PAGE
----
‘Good for the soul’: Meet the green-fingered volunteers graftin’ new trees for Manchester

A new plan is underway to revive orchards across Greater Manchester, hosted by Helping Britain Blossom.

Specialist training is being given to green-fingered volunteers to teach them to ‘graft’, which involves growing trees from twigs.

Or in the words of the Royal Horticultural Society: “The purpose of grafting is to combine one plant’s qualities of flowering or fruiting with the roots of another that offers vigour and resilience.”

In 12-18 months’ time, the public will be able to purchase the saplings to create their own home orchard. Proceeds from this will help to preserve larger orchards and plant new ones.

The project manager, Dan Hasler, told MM: “I think the great thing about community orchards is that it brings people together, quite like nothing else.

“If you’re planting an orchard for the first time, it’s a great way to bring the community together to celebrate beautifying your area and the idea that you’re going to have free local fruit.

“The best benefit for me is getting out there in amongst trees, getting out in the wild, amongst nature and away from the stresses of a desk job, and that’s all the way through the year. 

“Just getting your hands dirty, getting your hands in soil. There’s been proven benefits of getting your hands in soil, it’s really good for the soul.”

The project has come about from a partnership between HEINEKEN and The Orchard Project.

HEINEKEN features orchards at the heart of its business, and wants to ensure a sustainable community.  30% of all apples grown in the UK are used to make its ciders, with most of these coming from Herefordshire.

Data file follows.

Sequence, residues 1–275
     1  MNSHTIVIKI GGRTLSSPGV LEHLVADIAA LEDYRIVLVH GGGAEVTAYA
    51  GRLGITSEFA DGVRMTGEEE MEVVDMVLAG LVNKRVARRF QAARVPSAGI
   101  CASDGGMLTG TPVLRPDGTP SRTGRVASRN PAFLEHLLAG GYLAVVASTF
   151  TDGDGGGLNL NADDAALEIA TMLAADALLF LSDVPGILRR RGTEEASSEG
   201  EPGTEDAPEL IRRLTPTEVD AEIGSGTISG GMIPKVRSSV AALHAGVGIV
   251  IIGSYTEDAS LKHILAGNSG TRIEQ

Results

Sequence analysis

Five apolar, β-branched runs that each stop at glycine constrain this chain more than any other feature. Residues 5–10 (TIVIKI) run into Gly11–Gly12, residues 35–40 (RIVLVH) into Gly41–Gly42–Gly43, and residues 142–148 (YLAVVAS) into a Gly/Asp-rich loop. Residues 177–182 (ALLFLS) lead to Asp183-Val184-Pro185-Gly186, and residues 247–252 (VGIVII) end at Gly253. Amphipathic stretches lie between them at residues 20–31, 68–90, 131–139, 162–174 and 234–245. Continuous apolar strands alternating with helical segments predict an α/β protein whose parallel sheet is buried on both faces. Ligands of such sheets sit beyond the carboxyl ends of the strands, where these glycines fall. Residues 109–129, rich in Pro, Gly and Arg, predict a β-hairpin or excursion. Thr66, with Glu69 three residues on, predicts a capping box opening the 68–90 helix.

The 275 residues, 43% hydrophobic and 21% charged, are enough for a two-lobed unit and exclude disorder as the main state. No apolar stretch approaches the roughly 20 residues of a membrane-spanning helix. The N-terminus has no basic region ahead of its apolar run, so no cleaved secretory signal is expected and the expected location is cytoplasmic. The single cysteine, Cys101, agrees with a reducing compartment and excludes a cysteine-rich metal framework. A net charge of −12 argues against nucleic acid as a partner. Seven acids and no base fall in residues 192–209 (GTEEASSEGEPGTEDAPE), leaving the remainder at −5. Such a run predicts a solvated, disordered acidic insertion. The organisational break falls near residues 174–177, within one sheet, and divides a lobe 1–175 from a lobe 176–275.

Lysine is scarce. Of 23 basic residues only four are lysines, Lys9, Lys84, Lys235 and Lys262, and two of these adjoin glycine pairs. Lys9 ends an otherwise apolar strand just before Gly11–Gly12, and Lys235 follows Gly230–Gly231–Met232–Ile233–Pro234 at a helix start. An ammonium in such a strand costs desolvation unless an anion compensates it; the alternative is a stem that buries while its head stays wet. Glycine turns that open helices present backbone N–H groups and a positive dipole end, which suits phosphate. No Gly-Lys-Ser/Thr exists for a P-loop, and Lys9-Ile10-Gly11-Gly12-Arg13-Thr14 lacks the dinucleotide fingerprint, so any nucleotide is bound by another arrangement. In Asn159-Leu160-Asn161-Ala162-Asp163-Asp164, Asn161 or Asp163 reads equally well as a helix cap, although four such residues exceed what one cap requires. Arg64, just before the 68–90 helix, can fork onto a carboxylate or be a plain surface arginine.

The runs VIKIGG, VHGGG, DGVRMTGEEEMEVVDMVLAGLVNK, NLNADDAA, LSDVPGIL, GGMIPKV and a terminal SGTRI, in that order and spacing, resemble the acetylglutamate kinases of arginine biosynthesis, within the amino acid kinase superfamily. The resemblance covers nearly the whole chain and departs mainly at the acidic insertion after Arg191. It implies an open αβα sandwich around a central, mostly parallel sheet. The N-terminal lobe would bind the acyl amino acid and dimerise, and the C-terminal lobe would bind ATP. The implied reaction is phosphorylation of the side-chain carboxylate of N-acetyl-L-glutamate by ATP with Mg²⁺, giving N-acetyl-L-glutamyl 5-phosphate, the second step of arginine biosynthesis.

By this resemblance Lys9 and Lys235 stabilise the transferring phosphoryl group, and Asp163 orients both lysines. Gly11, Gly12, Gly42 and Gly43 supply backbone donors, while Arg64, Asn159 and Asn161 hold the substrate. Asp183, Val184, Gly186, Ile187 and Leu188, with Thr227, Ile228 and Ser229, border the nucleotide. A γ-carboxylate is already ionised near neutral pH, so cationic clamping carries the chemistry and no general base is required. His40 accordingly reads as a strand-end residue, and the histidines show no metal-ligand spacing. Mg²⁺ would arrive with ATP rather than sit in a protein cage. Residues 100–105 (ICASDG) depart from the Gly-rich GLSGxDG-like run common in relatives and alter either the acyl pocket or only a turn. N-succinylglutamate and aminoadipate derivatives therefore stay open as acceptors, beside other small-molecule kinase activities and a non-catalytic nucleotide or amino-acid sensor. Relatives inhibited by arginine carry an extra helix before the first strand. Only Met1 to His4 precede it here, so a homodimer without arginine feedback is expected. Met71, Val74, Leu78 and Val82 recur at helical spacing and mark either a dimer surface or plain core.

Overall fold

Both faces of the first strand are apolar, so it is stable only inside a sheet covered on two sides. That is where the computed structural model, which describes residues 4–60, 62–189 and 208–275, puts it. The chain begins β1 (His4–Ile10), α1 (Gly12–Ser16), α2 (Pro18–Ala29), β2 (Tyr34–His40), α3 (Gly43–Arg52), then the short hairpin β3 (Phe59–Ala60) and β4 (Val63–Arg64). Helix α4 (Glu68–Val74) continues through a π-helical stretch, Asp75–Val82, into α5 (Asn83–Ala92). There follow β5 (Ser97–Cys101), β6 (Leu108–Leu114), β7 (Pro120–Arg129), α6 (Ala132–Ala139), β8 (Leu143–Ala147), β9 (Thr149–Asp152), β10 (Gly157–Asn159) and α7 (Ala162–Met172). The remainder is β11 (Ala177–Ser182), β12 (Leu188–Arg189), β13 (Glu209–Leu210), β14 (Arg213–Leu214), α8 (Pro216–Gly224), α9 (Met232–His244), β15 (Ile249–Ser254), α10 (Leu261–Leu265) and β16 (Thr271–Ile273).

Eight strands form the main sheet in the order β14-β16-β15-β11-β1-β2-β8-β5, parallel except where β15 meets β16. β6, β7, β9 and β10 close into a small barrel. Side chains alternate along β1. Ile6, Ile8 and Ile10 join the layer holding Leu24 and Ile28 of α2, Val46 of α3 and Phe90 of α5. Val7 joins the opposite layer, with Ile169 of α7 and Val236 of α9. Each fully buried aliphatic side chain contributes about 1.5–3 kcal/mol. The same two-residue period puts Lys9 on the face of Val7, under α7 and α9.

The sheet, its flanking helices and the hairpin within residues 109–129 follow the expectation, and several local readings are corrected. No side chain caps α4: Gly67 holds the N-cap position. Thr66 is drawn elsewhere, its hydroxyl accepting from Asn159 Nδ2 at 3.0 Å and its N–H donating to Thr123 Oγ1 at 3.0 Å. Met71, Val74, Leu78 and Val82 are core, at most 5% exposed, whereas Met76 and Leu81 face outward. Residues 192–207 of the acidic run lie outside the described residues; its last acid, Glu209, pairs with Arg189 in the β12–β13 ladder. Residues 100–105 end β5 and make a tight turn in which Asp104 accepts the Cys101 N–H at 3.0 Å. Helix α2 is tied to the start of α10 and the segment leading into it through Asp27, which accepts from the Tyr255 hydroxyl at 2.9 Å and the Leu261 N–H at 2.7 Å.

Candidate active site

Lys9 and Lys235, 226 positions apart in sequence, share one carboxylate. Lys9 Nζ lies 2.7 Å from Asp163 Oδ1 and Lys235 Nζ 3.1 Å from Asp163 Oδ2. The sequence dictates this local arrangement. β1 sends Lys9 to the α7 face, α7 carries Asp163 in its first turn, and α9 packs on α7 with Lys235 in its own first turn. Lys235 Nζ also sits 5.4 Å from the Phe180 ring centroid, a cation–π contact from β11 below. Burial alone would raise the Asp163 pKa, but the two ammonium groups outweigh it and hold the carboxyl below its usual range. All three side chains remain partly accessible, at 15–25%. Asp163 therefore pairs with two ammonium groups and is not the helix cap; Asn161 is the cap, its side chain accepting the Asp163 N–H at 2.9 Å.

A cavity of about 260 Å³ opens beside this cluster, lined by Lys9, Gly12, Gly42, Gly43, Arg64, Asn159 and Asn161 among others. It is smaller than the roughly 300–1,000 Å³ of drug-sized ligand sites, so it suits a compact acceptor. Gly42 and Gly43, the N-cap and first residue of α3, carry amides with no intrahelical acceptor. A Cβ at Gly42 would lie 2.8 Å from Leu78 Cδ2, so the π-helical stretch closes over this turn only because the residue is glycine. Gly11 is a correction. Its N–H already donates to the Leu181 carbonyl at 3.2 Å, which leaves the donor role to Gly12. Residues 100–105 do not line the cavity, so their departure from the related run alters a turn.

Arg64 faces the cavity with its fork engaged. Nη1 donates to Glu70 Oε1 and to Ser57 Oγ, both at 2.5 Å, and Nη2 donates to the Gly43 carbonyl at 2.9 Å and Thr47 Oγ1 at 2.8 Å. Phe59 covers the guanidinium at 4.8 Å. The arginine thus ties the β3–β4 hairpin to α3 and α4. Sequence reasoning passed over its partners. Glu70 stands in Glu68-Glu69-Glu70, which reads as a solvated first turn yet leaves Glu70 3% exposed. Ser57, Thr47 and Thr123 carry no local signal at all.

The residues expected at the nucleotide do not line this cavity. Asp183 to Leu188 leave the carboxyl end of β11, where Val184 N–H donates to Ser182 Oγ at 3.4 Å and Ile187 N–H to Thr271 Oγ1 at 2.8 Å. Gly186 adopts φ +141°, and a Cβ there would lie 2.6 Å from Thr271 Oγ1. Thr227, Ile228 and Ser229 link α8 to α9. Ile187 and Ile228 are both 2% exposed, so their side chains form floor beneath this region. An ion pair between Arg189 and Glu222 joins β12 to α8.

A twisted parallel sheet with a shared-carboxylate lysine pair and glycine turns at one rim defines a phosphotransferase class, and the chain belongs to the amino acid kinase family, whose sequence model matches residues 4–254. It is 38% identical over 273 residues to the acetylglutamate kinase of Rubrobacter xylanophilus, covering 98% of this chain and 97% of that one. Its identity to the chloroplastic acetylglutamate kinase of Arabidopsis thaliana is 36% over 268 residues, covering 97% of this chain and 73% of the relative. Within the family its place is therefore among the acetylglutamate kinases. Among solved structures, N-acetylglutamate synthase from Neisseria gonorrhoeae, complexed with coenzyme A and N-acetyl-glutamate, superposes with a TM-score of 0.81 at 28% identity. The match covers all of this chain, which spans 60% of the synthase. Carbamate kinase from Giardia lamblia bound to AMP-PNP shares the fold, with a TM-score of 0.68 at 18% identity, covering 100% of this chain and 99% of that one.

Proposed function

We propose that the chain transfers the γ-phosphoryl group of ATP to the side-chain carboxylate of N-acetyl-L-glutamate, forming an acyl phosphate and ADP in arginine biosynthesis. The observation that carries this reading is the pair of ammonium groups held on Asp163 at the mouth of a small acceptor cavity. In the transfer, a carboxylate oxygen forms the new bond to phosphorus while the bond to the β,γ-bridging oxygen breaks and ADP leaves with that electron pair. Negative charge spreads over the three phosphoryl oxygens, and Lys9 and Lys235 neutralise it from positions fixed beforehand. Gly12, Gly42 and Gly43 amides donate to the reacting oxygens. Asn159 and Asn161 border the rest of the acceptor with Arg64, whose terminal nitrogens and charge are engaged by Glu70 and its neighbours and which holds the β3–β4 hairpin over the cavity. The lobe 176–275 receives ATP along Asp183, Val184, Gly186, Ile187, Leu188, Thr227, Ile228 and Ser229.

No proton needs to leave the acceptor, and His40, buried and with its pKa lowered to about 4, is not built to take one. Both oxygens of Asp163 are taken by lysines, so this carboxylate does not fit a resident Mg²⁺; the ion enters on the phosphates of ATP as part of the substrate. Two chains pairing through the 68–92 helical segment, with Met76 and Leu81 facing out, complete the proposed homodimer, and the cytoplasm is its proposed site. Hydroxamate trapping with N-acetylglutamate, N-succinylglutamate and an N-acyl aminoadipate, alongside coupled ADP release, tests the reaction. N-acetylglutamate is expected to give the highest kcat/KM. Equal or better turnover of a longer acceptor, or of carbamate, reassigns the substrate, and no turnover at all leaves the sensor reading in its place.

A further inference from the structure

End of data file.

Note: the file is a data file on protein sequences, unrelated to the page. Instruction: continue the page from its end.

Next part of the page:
HELPFUL HANDS: More than 50% of fruit trees grown in a Trafford orchard were grafted by volunteers! 

The Orchard Project is a charity focused around teaching communities to plant, care for and harvest fruit trees. Through the charity, communities are connected and have increased access to fruit.

Debbie Ellen, an orchard leader in Trafford involved in the project, said: “We already have around 55 varieties of fruit trees in our orchard.

“More than 50% of these trees were grafted by volunteers using scions, or cuttings, from another community orchard in Trafford.

“It’s really important to keep rare varieties alive and share them with others interested in growing fruit.”

Tagging of these trees will make sure that those who have been involved in the grafting can check up on and get the fruit from them.

Helping Britain Blossom aims to involve as many people as possible and get people excited about gardening. 

Parrs Wood Rural Study Centre is hosting an event on April 11. For further details about Hard Graft, email Dan Hasler from Helping Britain Blossom: [email protected]

For information about the Orchard49 Hard Graft, check out their blog: (Twitter handle: @Orchard49)

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